(Repeat for additional subscribers)
April 7 (The following statement was released by the rating agency)
Fitch Ratings has assigned Sri Lanka's forthcoming US dollar-denominated global bonds due
2019 an expected rating of 'BB-(EXP)'. The final rating is contingent on the receipt of final
documentation conforming to information already received. The expected rating is in line with
Sri Lanka's current Long-Term Foreign Currency Issuer Default Rating (IDR) of 'BB-' with
Stable Outlook. The sovereign's Long-Term Local Currency IDR is also 'BB-' with
KEY RATING DRIVERS
Sri Lanka's 'BB-' IDRs reflect the following key rating drivers:
- Relatively strong growth, a comparatively high level of basic human
development (as indicated by the UN's Human Development Index) and a solid
- The fiscal deficit (5.9% of GDP in 2013) and government debt burden (78.3% of
GDP in 2013) remain at relatively high levels, although the 2014 budget signals
commitment to medium-term debt reduction and an ability to maintain a gradual
fiscal consolidation trend.
- The external finances form a weakness with a persistent but narrowing current
account deficit and higher net external debt level (35.9% of GDP) compared with
peers also rated in the 'BB' category (on average, 18.9% of GDP).
A Stable Outlook reflects Fitch's assessment that upside and downside risks to
the rating are well balanced.
The main factors that individually, or collectively, could trigger negative
rating action are:
- An extended period of economic overheating accompanied by a large surge in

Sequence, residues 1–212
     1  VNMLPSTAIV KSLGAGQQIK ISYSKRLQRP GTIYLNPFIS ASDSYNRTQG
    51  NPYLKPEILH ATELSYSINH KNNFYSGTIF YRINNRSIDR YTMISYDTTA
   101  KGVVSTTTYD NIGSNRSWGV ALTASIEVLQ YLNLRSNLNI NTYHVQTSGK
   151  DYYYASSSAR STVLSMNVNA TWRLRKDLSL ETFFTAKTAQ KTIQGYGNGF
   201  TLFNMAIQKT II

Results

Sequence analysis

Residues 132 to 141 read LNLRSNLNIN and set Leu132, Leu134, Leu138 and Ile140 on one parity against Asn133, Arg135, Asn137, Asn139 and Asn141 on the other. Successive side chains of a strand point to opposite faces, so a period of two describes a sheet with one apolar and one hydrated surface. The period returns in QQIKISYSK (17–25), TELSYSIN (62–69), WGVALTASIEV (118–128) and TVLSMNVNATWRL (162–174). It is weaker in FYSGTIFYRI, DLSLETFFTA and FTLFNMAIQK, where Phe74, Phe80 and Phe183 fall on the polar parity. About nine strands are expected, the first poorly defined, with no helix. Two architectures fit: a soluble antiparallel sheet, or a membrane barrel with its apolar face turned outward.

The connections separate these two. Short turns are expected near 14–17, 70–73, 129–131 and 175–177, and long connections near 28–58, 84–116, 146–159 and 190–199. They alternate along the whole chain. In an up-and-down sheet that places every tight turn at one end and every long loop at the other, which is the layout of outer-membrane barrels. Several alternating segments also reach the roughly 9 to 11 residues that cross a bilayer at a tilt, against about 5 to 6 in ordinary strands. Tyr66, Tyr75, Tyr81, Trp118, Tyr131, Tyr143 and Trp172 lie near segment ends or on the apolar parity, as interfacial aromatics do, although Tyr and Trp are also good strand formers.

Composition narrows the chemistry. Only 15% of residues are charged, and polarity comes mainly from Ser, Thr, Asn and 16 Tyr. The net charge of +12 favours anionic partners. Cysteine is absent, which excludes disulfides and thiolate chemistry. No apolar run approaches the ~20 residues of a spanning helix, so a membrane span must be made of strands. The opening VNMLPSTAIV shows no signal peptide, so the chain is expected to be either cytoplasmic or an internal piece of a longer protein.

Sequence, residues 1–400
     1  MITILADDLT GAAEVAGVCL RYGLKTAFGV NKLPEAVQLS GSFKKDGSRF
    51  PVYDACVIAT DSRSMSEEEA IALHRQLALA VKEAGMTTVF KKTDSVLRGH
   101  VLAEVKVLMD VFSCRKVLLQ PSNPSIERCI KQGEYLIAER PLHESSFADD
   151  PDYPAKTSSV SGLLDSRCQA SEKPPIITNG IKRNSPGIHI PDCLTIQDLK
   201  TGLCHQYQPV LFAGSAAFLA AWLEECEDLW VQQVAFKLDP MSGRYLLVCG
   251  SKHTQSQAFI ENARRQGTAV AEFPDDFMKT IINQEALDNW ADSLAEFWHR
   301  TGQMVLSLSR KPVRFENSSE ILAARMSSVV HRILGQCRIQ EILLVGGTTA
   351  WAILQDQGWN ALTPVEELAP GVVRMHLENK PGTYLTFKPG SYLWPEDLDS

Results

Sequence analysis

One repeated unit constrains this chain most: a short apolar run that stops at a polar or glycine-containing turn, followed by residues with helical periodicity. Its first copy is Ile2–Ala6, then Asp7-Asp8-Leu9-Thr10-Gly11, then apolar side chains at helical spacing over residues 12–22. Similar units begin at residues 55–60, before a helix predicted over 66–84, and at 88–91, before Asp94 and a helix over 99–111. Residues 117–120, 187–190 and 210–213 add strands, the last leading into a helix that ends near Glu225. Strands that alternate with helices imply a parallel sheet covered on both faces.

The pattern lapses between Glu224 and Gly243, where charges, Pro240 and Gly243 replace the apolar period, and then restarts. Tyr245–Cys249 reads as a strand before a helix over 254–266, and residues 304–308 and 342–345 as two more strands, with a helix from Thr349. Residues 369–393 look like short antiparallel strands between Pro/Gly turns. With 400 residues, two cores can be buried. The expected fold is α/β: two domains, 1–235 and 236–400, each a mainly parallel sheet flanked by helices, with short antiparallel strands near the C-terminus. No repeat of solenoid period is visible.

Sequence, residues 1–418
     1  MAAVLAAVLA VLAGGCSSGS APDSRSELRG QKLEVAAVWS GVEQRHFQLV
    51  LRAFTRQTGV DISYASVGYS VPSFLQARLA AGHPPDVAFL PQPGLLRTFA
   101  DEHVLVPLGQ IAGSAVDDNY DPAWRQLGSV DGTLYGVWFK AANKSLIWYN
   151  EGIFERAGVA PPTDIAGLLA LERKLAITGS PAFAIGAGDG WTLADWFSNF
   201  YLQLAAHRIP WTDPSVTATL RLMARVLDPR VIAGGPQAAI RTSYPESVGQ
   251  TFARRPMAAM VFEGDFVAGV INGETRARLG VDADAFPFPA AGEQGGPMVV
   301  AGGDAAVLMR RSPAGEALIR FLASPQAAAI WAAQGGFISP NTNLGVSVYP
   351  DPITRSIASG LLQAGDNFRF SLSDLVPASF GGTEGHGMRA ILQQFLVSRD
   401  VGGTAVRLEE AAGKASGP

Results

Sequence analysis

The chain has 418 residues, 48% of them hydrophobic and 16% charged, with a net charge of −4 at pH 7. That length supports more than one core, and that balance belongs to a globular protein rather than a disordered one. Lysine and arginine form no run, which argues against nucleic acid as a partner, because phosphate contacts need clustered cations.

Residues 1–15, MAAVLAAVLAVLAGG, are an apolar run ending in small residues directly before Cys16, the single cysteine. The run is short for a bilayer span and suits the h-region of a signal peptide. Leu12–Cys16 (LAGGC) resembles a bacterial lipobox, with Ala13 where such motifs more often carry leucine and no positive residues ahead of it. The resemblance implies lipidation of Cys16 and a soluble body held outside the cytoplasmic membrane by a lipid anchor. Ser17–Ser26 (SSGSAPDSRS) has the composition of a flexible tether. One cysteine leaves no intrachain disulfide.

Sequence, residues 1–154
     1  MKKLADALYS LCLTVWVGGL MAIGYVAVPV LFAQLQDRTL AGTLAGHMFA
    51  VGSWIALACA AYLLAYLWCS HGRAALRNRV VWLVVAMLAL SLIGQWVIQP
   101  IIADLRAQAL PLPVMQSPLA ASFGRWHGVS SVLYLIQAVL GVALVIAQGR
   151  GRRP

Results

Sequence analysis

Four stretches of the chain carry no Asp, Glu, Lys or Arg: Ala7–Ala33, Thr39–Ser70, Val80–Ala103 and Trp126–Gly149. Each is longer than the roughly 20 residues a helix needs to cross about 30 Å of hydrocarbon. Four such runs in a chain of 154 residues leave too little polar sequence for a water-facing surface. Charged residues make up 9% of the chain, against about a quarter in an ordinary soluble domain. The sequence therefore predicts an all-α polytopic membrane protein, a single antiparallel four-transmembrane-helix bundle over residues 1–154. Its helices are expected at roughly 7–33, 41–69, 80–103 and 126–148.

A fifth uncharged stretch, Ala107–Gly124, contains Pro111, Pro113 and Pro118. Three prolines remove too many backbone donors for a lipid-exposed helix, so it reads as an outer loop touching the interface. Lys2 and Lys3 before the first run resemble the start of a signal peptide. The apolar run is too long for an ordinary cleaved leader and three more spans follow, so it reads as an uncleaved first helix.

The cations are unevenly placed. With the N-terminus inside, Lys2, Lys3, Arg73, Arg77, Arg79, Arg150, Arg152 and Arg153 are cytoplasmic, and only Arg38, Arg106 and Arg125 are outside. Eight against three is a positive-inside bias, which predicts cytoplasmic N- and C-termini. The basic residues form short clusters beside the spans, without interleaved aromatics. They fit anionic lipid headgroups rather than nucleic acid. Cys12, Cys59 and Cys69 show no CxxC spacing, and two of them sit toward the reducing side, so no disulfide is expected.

- A material deterioration in the public finances, which leads to a substantial
increase in Sri Lanka's general government debt-to-GDP ratio.
- Intensification in external financing risks, particularly a renewed widening
in the current account deficit combined with a fall in capital inflows.
The main factors that individually, or collectively, could trigger positive
rating action are:
- Sustained improvement in the macroeconomic outlook that is consistent with
healthy economic growth coupled with moderate and stable inflation and external
- A material improvement in Sri Lanka's public finances underpinned by a higher
government revenue-to-GDP ratio and conversely a large decline in the general
government debt-to-GDP ratio.
- Significant improvement in external finances, with smaller current account
deficits and higher levels of non-debt capital inflows (that is, foreign direct
- Sri Lanka's political landscape remains broadly stable and there is no renewal
in the civil conflict that previously lasted 26 years and ended in 2009.
- No sustained rise in commodity prices, particularly in crude oil, in line with
Fitch's Global Economic Outlook.